Evaluation of In Vitro Antidandruff Activity of Biotransformed Material (Extract) of Nicotiana tabacum Leaves





Biotransformation, Malassezia furfur, Nicotiana tabacum


The methods of preparing new derivatives of known substrates were applied to modify organic compounds like Carbohydrates, steroids, sterols, terpenoids, flavonoids, alkaloids, antibiotics, amino acids etc. Such alteration encompasses many changes in the substrate moiety by the addition, degradation or modification. When basic structure of resultant molecule remains unaltered, the microbial biotransformation can be applied for formation of desired derivatives of precursor. Aim: To determine the in-vitro anti-dandruff activity of biotransformed material of Nicotiana tabacum leaves. Material and Method: The collected leaves about 200 g were macerated in cow urine (1 L) for time period of 28 days. After the completion of this time period, the biotransformed material was harvested, lyophilized and powdered (20 g). Regular aqueous extract of the leaves was also prepared for comparative study. Various concentrations, such as 12.5, 25, 50, 100, 500 mg/ml, of aq. extract and biotransformed material of Nicotiana tabacum leaves were prepared and tested for in vitro anti dandruff activity using strain of Malassezia (Pityrosporum) furfur and compared with marketed ayurvedic, homoepathic and allopathic (Ketoconazole 2 %) formulations. Result: The regular extract and the biotransformed material were screened for phytochemicals. It showed the presence of alkaloids, prominently. The strains responsible for the biotransformation process were also evaluated and identified as Bacillus licheniformis and Bacillus megaterium. The biotransformed material of Nicotiana tabacum leaves shows promising effect against Malassezia (Pityrosporum) furfur, in terms of zone of inhibition of about 7 mm at 100 mg/ml 26 mm at 500 mg /ml, respectively. The results were found promising as compared to the regular aqueous extract, marketed formulations including Ketoconazole 2 % preparation. Conclusion: The study shows the improved potential of the cow urine biotransformed material over the normal extract of the same plant. It was evident that the dandruff growth was significantly inhibited by treatment with biotransformed material. Hence, in vitro studies of microbial biotransformed Nicotiana tabacum leaves was found to have a potential anti-dandruff activity between 100 mg/ml to 500 mg/ml, compared with its aqueous extract, marketed ayurvedic, homoepathic and allopathic formulations.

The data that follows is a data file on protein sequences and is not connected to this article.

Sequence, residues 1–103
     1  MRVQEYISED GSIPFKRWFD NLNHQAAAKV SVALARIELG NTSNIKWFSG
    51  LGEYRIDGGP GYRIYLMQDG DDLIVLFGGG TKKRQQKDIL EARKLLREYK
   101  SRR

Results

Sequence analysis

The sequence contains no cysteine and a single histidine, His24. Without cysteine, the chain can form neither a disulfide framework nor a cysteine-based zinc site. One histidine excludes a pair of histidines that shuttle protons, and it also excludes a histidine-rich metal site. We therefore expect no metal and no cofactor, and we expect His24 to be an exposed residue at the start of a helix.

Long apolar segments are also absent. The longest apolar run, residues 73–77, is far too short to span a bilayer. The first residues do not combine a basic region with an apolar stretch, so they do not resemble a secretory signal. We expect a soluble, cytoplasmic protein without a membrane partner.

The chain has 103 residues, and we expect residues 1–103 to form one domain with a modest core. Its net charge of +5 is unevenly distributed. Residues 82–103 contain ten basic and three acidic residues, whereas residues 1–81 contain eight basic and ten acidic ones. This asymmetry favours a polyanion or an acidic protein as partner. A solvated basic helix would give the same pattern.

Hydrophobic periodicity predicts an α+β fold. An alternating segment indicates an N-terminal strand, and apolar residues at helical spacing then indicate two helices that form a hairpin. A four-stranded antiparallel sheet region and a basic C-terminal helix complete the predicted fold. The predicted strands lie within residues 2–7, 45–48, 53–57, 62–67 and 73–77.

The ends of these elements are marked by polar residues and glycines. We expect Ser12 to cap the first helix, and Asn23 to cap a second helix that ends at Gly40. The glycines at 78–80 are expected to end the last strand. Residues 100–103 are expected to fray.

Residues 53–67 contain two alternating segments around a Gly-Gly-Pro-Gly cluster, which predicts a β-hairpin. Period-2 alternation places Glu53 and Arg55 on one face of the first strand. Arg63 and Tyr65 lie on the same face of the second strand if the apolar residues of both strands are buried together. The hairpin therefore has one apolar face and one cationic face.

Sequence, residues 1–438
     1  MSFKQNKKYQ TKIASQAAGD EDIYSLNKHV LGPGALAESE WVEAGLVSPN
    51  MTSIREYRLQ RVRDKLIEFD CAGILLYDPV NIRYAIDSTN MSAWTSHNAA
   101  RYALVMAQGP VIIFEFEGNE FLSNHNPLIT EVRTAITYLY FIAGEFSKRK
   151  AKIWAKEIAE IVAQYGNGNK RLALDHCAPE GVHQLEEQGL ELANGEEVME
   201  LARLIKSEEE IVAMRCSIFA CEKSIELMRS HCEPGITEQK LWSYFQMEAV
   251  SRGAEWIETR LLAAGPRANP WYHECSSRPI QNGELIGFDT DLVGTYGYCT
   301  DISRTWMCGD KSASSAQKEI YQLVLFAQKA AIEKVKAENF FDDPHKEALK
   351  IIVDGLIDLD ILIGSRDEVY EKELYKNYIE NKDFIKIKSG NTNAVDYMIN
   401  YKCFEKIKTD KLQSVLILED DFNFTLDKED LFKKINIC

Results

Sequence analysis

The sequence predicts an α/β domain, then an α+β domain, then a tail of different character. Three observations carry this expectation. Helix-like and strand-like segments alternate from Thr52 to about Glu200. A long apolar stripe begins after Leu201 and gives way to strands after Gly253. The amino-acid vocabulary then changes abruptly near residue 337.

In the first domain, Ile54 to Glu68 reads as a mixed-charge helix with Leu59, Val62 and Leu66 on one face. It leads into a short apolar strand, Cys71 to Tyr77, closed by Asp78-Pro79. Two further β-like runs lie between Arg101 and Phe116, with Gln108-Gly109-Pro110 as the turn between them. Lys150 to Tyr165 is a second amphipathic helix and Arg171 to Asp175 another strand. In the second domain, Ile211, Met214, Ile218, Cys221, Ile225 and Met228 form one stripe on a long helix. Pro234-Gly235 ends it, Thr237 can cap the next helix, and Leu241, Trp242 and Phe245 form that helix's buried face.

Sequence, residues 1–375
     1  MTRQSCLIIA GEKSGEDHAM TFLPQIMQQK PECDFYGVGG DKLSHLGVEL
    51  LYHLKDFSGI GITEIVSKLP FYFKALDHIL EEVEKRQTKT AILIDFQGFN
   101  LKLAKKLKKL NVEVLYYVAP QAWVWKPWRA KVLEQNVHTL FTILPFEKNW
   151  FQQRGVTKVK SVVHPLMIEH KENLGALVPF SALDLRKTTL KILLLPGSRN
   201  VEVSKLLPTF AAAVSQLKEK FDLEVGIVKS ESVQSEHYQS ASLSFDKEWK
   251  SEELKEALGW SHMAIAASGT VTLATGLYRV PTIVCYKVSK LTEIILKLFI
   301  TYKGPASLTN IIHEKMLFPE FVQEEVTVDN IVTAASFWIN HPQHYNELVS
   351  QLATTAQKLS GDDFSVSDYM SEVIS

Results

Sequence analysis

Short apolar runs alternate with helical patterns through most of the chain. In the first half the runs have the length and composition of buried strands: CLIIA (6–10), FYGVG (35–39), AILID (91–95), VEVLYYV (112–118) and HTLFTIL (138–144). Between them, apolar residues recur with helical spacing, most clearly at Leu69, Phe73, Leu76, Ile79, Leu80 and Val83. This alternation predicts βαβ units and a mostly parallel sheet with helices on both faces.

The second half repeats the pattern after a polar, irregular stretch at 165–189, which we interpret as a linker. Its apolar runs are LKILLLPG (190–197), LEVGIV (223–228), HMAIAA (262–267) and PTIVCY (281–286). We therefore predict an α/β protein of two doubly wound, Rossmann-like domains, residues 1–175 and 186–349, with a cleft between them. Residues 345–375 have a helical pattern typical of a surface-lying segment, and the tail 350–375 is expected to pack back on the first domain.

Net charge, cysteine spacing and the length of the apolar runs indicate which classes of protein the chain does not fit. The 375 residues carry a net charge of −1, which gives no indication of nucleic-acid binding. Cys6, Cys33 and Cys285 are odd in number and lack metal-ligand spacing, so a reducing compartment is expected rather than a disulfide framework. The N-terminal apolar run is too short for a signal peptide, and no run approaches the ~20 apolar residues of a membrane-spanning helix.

Download data is not yet available.


Metrics Loading ...

Author Biography

Prakash Itankar

Pharmacognosy Department,

Research scholer


Ates DA, Erdogrul OT. Antimicrobial activities of various medicinal and commercial plant extracts. Turk J Biol.2003; 27:157–62.

Selvakumar P, Edhaya NB, Prakash D. Studies on the antidandruff activity of the essential oil of coleus amboinicus and eucalyptus globules. Asian Pacific Journal of Tropical Biomedicine. 1985; 213–6.

Balakrishnan KP, Narayanswamy N, Mathews S, Gurung K. Evaluation of some medicinal plants for their dandruff control properties. International Journal of Pharma and Bio sciences. 2010; 2:38–45.

Chopra RN, Chopra IC, Handa KL, Kapur LD. Indigenous Drugs of India; Academic Publications. 1982; 510–1.

DeAngelis YM, Saunders CW, Johnstone KR. Isolation and expression of a Malassezia furfur lipase gene, LIP1. J Invest. Dermatol. 2007; 127(9):2138–46.

Nadkarni. Indian Materia Medica. Vol. 2. Popular Prakashan. 1976; 3:850–7.

Inamadar AC, Palit A. The genus Malassezia and human disease. Indian J Dermatol Venereol Leprol. 2003;69(4):265–70.

Wang J, Ze L, Jessie L-S. Au Pharmaceutical Research.2006; 11:45–6.

Kasiram K, Sakharkar PR, Patil AT. Antifungal activity of Calendula officinalis. 1987; 543–8.

Kaushik RD, Gupta, Yadav R, et al. Alopecia and Herbal Remedies. International Journal of Pharmaceutical Science and Research. 2011; 2(7):1631–7.

Kirtikar KR, Basu BD. Indian Medicinal Plants.International Book Distribution. 1975; 3:1798–9.

Murkute AV, Sahu MS, Mali PY, Rangari VD. Development and Evaluation of Formulations of Microbial Biotransformed Extract of Tobacco Leaves for Hair Growth Potential. Pharmacognosy Research. 2010;2(5):300–3.

Misal G, Dixit G, Kulkarni V. Indian journal of NaturalProduct and Resources. 2012; 4:501–5.

Maria CS, Souza M, Pinheiro A, Ferreira M, Goncalves R, Cristin T, Peralta M. Evaluation of antitubercular activity of nicotinic and isoniazid analogues. Arkivoc. 2007;14:181–91.

Sato N, Leopold PL, Ronald G. Crystal. Journal of the National Cancer Institute. 2001; 24:1859–64.

Pandit NK, Wang D. Salts effects on the diffusion and release rate of propranolol from poloxamer 407 gels.International Journal of Pharmacy. 1998; 167:183–9.

Chopra RN, Nayar SL, Chopra IC. Glossary of medicinal plants. New Delhi: CSIR; 1976. p. 375–80.

Rehm HJ, Verghase G. Biotransformations, Biotechnology. Vol. 6a. 1984. p. 1–25, 209–34, 245–64, 304–9.

Schmolka I. Artificial skin, preparation and properties of Pluronic F-127 gels for the treatment of the burns. J Biomed Mater Res. 1972; 6:571–82.

Sagar R, Dixit VK. Formulation and evaluation of herbal anti-dandruff shampoo. Nigerian Journal of Natural Products and Medicine. 2005; 9:55–60.

Wang H, Zhao M, Yang B, Jiang Y, Rao G. Identification of polyphenols in tobacco leaf and their antioxidant and antimicrobial activities. Food Chemist. 2008; 107:1399–406.

Yildirim A, Mavi A, Kara AA. Determination of antioxidant and antimicrobial activities of Rumex crispus L.extract. J Agric and Food Chemist. 2001; 49:4083–9.

The Wealth of India. vol. 2. New Delhi: CSIR; 1998. p.177–81.




How to Cite

Itankar, P., & Murkute, A. V. (2015). Evaluation of In Vitro Antidandruff Activity of Biotransformed Material (Extract) of <i>Nicotiana tabacum</i> Leaves. Journal of Natural Remedies, 15(2), 65–70. https://doi.org/10.18311/jnr/2015/507